To date, few studies have prospectively evaluated markers of ovarian reserve in the setting of ESBC. Our results are in accordance with data recently published by Anderson et al. (20). In this analysis, among approximately 40 premenopausal women treated with various chemotherapy regimens for ESBC, pre-chemotherapy AMH levels were lower among women who became amenorrheic at 6 months compared to those who resumed menses (0.58 versus 1.9 ng/mL, p = 0.0007). Among this cohort of patients, in contrast to our results, there was no significant difference in pre-chemotherapy Inhibin B levels between groups (51 ng/mL versus 68 ng/mL, p value not reported) (20). We anticipate that the accurate prediction of CRA among patients treated for ESBC will ultimately rely on a compilation of multiple factors, including hormonal parameters, age at diagnosis and chemotherapeutic agent(s), including type, cumulative dose and duration of treatment.

This analysis is one of the largest studies prospectively evaluating markers of ovarian reserve among premenopausal women receiving chemotherapy for ESBC; however, we recognize several limitations inherent to this study. The results of this preliminary analysis are limited by both a small sample size and the heterogeneity of treatment regimens. To address these issues, we specifically plan to expand this cohort to more accurately evaluate markers of ovarian function in a larger patient cohort. Additionally, the effect of taxanes, commonly-used chemotherapeutics in the adjuvant treatment of node-positive and high-risk node negative ESBC, on subsequent ovarian function has been controversial throughout the literature. Several trials have reported a lower incidence, while others a higher incidence of amenorrhea, among women who received a taxane as part of their adjuvant chemotherapy regimen (17, 2123). Among a larger cohort of patients, we plan to evaluate the specific interactions of treatment regimens, namely taxanes, on CRA in the setting of ESBC.

Additionally, it is well-known that many steroids and peptides reflective of ovarian reserve, namely FSH, estradiol, and Inhibin A & B, vary across and within the menstrual cycle (9). In this analysis, baseline serum hormones were drawn across the menstrual cycle due to the urgency associated with the initiation of chemotherapy. Subsequent serum collections were performed in conjunction with routine physician visits as the Duke Comprehensive Cancer Center encompasses a large catchment area and many patients travel long distances to receive care. Although we recognize this limitation in the interpretation of our findings, this pattern likely reflects that of “real-time” practice and again speaks to the strength of developing AMH as a predictive marker of ovarian reserve due to its stability across the menstrual cycle (9). AMH, initially a marker of ovarian reserve primarily studied in the reproductive endocrinology literature, has recently gained favor in the chemotherapy literature due to superior cycle-to-cycle reproducibility and improved sensitivity in comparison to traditional testing with FSH. Additionally, decrements in AMH are seen prior to elevations in FSH as illustrated in many recent observational chemotherapy studies, including breast cancer protocols with intravenous cyclophosphamide (20, 24).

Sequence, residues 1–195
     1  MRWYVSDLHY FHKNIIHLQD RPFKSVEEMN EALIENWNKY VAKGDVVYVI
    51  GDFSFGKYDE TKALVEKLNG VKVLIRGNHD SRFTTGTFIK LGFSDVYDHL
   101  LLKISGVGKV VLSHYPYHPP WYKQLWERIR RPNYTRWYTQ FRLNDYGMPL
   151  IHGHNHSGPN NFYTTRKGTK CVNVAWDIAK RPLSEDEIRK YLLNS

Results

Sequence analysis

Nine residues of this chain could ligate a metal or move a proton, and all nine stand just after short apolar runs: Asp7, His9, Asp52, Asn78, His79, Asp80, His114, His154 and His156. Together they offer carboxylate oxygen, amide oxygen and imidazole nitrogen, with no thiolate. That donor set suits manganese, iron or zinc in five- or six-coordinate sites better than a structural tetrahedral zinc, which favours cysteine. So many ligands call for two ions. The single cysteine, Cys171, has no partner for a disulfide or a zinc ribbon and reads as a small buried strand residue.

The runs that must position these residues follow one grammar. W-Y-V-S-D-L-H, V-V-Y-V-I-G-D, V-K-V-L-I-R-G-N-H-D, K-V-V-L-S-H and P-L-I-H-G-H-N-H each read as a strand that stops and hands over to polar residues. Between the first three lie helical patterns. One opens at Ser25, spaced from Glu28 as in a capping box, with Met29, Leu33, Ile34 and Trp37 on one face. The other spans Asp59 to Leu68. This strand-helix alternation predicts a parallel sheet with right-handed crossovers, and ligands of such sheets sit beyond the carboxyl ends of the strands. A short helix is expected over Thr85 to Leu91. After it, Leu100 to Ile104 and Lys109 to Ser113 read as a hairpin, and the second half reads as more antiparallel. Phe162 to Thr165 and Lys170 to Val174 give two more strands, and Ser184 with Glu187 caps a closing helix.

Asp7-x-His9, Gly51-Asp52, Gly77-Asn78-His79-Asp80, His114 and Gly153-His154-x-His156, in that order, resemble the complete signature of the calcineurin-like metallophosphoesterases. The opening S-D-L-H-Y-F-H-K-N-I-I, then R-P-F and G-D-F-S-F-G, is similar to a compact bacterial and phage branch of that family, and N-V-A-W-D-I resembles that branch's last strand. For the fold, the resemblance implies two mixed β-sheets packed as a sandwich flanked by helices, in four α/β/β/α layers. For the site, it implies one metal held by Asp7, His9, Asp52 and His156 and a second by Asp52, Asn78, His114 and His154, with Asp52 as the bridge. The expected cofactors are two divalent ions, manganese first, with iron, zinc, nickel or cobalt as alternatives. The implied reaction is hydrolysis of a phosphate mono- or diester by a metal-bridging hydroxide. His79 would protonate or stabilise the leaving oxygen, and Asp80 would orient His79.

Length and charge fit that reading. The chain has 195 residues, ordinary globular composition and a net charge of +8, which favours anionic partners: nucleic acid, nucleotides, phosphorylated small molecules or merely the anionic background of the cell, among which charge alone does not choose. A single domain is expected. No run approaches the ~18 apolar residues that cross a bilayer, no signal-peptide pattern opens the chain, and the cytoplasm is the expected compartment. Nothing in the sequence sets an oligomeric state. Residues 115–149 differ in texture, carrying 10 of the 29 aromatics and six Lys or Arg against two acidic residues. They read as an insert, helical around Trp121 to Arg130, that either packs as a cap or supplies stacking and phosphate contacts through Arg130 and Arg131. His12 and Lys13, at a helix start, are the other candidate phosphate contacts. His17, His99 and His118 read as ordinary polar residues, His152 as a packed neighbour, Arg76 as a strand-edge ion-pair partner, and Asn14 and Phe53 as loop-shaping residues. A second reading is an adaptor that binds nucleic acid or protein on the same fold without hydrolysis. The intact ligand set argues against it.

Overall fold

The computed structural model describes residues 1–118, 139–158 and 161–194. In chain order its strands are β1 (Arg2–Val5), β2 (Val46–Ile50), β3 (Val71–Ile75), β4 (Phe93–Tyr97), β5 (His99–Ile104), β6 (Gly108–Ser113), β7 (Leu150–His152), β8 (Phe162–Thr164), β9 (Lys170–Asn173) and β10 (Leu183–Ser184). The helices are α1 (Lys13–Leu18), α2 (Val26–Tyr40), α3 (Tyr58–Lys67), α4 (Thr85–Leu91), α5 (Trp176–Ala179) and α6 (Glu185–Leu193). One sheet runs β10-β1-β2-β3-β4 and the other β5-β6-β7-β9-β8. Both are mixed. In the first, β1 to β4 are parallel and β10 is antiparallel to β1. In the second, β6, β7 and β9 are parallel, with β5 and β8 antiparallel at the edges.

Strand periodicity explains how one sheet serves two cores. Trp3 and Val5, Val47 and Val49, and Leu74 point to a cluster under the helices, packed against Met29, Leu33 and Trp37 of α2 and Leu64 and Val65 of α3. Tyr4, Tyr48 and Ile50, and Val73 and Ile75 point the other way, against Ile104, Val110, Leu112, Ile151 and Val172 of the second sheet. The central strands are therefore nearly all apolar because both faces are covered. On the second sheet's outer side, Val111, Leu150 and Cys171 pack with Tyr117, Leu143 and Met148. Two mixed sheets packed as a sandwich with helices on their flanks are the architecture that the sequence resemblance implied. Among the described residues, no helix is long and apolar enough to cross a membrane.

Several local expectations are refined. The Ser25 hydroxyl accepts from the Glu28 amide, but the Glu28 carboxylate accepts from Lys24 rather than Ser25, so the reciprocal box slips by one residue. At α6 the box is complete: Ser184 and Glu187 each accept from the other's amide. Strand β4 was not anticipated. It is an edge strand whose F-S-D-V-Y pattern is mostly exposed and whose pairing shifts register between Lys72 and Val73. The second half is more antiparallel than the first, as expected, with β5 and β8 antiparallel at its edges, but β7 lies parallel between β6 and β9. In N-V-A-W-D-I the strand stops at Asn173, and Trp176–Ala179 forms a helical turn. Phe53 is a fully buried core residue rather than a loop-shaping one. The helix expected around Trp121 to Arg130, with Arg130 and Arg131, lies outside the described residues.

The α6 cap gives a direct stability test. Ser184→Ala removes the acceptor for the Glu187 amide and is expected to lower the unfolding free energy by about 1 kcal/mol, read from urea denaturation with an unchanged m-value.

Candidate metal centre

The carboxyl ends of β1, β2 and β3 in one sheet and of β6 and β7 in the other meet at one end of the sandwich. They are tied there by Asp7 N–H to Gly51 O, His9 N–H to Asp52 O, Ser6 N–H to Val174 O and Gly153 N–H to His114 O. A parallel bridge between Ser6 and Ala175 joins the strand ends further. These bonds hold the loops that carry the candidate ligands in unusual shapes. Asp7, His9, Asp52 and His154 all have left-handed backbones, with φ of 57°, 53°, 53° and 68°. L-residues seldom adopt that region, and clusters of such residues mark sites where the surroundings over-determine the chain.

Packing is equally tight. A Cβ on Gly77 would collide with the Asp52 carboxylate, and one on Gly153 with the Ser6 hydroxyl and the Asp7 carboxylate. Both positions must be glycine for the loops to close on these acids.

Finally, Tamoxifen, a partial estrogen receptor agonist and antagonist, is known to influence both menstrual patterns, including induction of amenorrhea, and hormonal profiles among premenopausal women following therapy for ESBC (17). We recognize that approximately 2/3 of patients in this trial were receiving standard adjuvant endocrine therapy at the one year post-chemotherapy visit. In our analysis, however, a similar proportion of women with CRA and those who resumed menses at one year post-chemotherapy were prescribed adjuvant endocrine therapy (75% vs. 80%, respectively). Furthermore, prior reports have illustrated marked increases in estradiol, with unaltered FSH values, among premenopausal women treated with Tamoxifen for ESBC (25). Therapy with Tamoxifen may be accounting for median estradiol levels above the expected post-menopausal range (i.e., <10 pg/mL) among amenorrheic women one year post-chemotherapy. It is important to recognize that the endpoint of this study was amenorrhea at one year, not permanent ovarian failure. Prior to deeming these patients post-menopausal, a longer duration of follow-up following the cessation of endocrine therapy would be required.

In summary, this pilot study demonstrates that pre-chemotherapy Inhibin B and AMH values are significantly lower among women who experience CRA and that lower baseline values place a woman at higher risk for subsequent CRA. Importantly, this study illustrates an ability to correlate markers of ovarian reserve with an individual woman’s risk of amenorrhea following chemotherapy. Although this data requires validation prior to incorporation into routine clinical care, these results offer hope that clinically useful biomarkers to predict CRA will be available to both breast cancer patients and their clinicians in the near future.


This article funded by Duke Comprehensive Cancer Center Development Funds.

Research previously presented at the 30th Annual San Antonio Breast Cancer Symposium; December 2007, Abstract 4025.